Easing the Fiscal Restraints: New Revenue Tools in the City of Toronto Act
AbstractThis paper show that there is a mismatch between the expenditure responsibilities that the City of Toronto is required to undertake and the revenue tools available to it. Toronto relies mainly on property taxes, user fees, and intergovernmental transfers to finance a wide range of services. In the absence of a realignment of service responsibilities (in particular, uploading social services and social housing to the provincial level), the paper makes the case for a mix of taxes at the local level. A mix of taxes, particularly taxes that grow with the economy, would give the city more flexibility to respond to local conditions such as changes in the economy, evolving demographics, and expenditure needs. A mix of taxes would be more effective than the property at linking the costs and benefits of services when people commute to work from one jurisdiction to another. Although the city should piggyback onto existing provincial taxes to minimize administrative costs, it is argued that it should set its own tax rates to ensure autonomy, accountability, and predictability of revenues.
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Bibliographic InfoPaper provided by International Tax Program, Institute for International Business, Joseph L. Rotman School of Management, University of Toronto in its series International Tax Program Papers with number 0507.
Length: 23 Pages
Date of creation: Apr 2005
Date of revision:
urban finance; local taxation;
Find related papers by JEL classification:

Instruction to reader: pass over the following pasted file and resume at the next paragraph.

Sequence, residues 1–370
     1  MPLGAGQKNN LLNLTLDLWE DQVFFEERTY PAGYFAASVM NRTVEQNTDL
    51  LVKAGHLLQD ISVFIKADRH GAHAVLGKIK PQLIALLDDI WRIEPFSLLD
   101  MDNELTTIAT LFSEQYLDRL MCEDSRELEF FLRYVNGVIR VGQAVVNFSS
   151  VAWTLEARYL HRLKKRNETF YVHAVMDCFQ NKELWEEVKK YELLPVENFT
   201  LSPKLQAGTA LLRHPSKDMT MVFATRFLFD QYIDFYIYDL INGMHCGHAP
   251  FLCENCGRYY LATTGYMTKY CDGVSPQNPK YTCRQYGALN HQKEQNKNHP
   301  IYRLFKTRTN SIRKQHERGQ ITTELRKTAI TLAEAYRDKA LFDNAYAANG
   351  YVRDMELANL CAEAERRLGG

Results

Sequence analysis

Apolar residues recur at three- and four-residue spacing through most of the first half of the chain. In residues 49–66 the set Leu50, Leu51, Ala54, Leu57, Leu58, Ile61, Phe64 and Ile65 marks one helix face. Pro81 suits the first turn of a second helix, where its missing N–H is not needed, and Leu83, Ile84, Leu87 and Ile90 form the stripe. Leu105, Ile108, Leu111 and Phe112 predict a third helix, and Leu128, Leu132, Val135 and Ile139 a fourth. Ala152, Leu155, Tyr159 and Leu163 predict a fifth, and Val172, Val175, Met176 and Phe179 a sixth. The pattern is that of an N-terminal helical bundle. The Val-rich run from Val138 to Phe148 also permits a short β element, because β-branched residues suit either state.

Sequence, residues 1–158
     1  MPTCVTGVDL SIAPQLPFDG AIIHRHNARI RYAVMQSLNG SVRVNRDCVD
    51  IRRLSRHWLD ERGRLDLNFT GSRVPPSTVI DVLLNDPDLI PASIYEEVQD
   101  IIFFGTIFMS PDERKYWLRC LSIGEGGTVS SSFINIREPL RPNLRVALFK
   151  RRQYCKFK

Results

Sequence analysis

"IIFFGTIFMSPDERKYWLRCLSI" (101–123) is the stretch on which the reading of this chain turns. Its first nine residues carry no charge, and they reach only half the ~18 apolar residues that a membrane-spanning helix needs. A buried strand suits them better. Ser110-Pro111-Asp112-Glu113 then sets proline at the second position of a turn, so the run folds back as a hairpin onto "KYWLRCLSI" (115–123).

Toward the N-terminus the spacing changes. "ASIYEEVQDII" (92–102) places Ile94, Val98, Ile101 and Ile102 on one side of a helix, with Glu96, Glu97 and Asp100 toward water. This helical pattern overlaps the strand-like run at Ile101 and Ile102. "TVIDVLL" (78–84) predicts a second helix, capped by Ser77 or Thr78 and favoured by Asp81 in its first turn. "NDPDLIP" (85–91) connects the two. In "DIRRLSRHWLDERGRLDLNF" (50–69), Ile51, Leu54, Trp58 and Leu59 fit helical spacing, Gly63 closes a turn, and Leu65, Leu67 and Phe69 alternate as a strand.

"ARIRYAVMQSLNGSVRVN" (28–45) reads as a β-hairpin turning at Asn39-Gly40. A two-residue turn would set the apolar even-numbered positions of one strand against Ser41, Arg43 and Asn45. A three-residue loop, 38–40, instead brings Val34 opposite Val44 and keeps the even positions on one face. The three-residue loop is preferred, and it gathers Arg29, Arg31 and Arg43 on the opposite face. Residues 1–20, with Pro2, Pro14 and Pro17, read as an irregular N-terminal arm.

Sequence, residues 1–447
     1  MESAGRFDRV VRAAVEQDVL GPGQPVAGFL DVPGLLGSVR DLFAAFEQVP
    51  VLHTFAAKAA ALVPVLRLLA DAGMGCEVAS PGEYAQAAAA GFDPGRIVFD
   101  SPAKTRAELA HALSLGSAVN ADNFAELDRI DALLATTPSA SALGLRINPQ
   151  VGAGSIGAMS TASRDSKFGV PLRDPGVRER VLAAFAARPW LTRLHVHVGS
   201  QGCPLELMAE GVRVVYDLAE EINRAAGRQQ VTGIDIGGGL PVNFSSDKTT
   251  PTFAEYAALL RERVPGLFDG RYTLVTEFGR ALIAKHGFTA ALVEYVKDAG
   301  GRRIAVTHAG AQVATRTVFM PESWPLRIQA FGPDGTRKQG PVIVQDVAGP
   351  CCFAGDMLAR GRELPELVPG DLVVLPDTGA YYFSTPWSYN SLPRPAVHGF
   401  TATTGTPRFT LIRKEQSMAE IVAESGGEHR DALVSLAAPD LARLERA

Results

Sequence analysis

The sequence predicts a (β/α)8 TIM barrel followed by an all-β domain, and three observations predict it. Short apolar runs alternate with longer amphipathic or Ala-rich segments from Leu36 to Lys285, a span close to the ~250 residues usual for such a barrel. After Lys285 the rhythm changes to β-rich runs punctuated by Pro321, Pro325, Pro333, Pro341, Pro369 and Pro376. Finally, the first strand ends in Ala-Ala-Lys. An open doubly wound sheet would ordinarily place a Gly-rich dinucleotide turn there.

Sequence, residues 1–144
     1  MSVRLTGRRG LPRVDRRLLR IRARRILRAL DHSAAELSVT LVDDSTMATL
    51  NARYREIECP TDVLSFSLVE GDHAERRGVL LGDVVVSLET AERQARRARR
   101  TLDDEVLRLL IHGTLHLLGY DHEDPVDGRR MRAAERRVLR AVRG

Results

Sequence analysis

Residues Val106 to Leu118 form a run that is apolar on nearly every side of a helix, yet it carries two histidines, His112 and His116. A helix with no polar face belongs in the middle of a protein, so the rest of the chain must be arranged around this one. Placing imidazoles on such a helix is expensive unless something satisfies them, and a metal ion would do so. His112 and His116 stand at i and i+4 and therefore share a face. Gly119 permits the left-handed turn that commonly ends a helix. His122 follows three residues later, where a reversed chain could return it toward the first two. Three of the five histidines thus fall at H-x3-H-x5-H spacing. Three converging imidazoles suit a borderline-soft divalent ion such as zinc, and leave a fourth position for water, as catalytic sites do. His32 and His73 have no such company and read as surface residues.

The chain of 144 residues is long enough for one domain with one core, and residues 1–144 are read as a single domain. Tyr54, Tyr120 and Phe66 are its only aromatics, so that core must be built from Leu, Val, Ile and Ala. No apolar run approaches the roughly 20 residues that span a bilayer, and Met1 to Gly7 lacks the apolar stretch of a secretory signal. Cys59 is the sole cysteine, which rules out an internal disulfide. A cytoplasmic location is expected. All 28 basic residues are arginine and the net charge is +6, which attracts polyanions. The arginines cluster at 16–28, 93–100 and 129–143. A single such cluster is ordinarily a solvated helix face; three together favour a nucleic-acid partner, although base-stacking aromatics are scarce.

- H71 - Public Economics - - State and Local Government; Intergovernmental Relations - - - State and Local Taxation, Subsidies, and Revenue
This paper has been announced in the following NEP Reports:
- NEP-ACC-2005-03-13 (Accounting & Auditing)
- NEP-ALL-2005-03-13 (All new papers)
- NEP-GEO-2005-03-13 (Economic Geography)
Please report citation or reference errors to , or , if you are the registered author of the cited work, log in to your RePEc Author Service profile, click on "citations" and make appropriate adjustments.:
- Richard M. Bird & Thomas A. Wilson, 2003. "A Tax Strategy for Ontario," International Tax Program Papers, International Tax Program, Institute for International Business, Joseph L. Rotman School of Management, University of Toronto 0407, International Tax Program, Institute for International Business, Joseph L. Rotman School of Management, University of Toronto, revised Apr 2004.
- Kitchen, H.M. & Slack, E., 1993. "Business Property Taxation," Papers, Queen's at Kingston - School of Policy Studies 93-24, Queen's at Kingston - School of Policy Studies.
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